Campaign India Team
Feb 18, 2013

IMC 2013: Of introducing digital platforms, increasing competition and growth strategies

Going digital is a must, conclude CEOs.

IMC 2013: Of introducing digital platforms, increasing competition and growth strategies

The final session at the Indian Magazine Congress 2013 featured eminent names from the publishing space - Stefano De Alessandri, chairman and managing director, Mondadori International, Stefan Gneuss, chief operating officer, Gruner + Jahr International, Ashish Bagga, chief executive officer, India Today Group, and Paresh Nath, editor and publisher, Delhi Press Group.  FIPP president chris Llewellyn was the moderator of the session.

Bagga informed that within the India Today Group, digital was a small but growing business. “Non digital revenue is about 90 per cent and pure digital revenue is at 10 per cent. Next year, we hope to see the balance shift to about 83 per cent print and 17 per cent digital. Having a digital presence is a must of magazines in today's day and age.” Rai noted that it was 95 per cent non-digital revenue for Worldwide Media while five per cent accounted for the company’s digital revenues.” 

“Digital revenue account for less than one per cent in our case,” informed Nath. He further explained, “We’re in the business of language publications, so there is still time before we could think of going digital. We have a total of nine language magazines, are looking at launching a few more in the near future. There is big future for print in India, and hence the digital revolution will have to wait for sometime.”

For G + J International, digital publishing is the next big thing across markets. Gneuss observed, “It was only last year that we started our digital business, so it’s very small as of now. I would say, it’s about 10 per cent. But, it’s a fast growing business. India is a key market for us. Though it doesn't feature in the list of top 10 markets (in terms of revenue), it is a market where we’re putting a lot of focus on. Our NetworkPlay acquisition was a first step in strengthening our presence here.”  

Bagga noted that India Today as a group would look at focusing more on mobile. “Our digital spends are skewed towards mobile. That’s the real opportunity.  So we will continue to invest in mobile by introducing versions for tablets and smartphones.” He further added, “With mobile it is easy to curate content into platforms that are accessible. It’s given us a lot of success. Is mobile monetized well? The cost is negligible and there is no print cost involved, you can ask your core editorial team to also produce content for mobile – that’s what we’re doing. So we’ve created a platform in mobile, practically at a negligible cost.”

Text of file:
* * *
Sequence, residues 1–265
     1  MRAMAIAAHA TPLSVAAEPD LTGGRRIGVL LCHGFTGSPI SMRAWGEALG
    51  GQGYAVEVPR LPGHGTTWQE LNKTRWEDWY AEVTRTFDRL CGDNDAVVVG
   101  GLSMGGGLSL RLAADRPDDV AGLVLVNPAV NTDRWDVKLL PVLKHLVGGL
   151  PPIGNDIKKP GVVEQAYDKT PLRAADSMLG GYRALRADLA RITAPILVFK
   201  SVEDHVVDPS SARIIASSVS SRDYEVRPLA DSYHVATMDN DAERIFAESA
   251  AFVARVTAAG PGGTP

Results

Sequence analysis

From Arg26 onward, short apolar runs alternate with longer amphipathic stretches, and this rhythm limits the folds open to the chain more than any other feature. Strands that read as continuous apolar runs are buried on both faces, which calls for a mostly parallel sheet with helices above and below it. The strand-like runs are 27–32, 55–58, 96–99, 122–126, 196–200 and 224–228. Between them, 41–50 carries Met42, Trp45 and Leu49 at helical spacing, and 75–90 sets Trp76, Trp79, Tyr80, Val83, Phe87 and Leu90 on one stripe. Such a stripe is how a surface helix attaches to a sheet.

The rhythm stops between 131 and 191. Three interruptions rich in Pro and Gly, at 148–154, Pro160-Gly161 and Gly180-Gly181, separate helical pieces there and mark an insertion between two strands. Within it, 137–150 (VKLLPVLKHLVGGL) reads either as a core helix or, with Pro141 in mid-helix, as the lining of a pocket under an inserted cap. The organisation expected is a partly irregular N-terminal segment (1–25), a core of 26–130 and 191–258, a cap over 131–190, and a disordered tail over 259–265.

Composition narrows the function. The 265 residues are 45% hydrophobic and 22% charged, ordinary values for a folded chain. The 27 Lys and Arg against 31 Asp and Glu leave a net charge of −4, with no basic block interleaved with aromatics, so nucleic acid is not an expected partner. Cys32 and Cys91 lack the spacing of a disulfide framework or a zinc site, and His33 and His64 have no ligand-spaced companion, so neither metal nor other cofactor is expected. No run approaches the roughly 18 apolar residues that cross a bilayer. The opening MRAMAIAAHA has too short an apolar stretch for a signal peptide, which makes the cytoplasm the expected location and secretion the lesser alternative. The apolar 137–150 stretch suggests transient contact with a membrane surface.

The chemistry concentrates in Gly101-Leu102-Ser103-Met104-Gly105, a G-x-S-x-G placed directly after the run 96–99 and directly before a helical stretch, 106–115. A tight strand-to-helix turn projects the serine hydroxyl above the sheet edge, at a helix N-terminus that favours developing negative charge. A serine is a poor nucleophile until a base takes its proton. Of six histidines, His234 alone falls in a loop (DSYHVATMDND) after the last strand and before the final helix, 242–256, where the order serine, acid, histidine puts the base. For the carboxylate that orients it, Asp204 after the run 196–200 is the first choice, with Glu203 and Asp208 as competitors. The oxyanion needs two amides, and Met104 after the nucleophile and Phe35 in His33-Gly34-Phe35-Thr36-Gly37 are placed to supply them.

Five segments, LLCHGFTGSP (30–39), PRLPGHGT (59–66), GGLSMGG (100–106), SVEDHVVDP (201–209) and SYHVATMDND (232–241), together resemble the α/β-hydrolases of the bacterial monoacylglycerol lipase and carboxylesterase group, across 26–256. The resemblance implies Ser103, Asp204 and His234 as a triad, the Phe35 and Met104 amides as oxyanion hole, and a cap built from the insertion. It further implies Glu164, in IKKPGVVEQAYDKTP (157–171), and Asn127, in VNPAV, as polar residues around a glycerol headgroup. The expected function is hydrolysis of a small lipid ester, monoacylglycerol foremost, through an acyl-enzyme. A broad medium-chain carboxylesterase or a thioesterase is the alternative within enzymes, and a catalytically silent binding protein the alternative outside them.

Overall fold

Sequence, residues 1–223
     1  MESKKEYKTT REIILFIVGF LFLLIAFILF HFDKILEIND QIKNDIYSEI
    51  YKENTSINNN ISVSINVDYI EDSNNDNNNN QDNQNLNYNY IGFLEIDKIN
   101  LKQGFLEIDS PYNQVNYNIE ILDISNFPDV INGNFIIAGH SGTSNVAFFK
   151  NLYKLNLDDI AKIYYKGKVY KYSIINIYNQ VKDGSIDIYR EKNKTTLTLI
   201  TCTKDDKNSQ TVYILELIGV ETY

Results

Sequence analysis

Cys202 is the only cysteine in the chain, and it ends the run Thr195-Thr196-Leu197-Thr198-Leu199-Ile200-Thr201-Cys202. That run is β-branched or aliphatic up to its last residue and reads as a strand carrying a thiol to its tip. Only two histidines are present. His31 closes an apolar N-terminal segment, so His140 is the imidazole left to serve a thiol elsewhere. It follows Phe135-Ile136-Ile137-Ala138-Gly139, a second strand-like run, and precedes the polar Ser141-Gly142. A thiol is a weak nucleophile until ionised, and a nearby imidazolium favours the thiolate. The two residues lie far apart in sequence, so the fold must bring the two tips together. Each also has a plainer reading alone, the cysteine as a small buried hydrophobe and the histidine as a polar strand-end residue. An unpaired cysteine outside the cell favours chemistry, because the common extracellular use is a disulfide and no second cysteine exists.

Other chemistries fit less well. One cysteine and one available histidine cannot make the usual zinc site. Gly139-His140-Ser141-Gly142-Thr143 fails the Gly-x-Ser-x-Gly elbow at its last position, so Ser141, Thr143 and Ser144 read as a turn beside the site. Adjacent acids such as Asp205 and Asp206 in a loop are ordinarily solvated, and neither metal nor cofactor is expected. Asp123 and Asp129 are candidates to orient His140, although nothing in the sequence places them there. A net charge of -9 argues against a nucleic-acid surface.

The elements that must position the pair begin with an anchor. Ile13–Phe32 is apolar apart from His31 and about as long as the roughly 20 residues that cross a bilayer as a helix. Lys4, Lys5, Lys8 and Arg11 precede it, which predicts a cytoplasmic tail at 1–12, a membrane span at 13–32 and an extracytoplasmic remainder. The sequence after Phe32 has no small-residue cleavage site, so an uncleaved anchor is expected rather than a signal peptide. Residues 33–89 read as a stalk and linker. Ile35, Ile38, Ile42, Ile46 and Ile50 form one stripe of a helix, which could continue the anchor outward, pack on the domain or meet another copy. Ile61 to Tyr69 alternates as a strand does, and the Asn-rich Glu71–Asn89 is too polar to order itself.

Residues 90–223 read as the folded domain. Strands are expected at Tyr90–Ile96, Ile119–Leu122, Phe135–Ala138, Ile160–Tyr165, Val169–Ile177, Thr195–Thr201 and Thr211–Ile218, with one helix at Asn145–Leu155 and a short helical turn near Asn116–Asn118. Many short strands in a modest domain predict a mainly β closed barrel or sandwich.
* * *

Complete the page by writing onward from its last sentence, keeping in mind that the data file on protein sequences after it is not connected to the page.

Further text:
Explaining his company’s global strategy in the current scenario, Alessandri, said, “There is a big challenge ahead of us as the Italian economy is going through a crisis. Our plan is to close down a few titles and focus on our strong brands, and develop platforms for our magazines.”

On Worldwide media’s strategy going forward, Rai explained, “We’ve taken a conscious call within the organisation to see if we could launch more properties around existing magazine brands as against introducing more titles into the market.

Bagga revealed his company’s plan to enter into the B2B space. Last week, the company announced the launch of Discovery Channel Magazine in India.

On what he thinks about increasing competition in the magazine space, Bagga said, “More the merrier. It gives us an opportunity to work that much harder, to remain at the top no matter how many magazines launch. It is something that will keep us going.”

Rai, however, pointed out that bad competition is not a healthy sign for the industry. In order to gain more market share, a few magazine players tend to cut their cover prices. What it does is, brings down the yields in the market. He noted, “Good competition, which comes from launch of international titles, pushes the bar as far as quality content is concerned. They don’t cut their cover prices and advertising rates, so that kind of completion is always good from an industry standpoint.”

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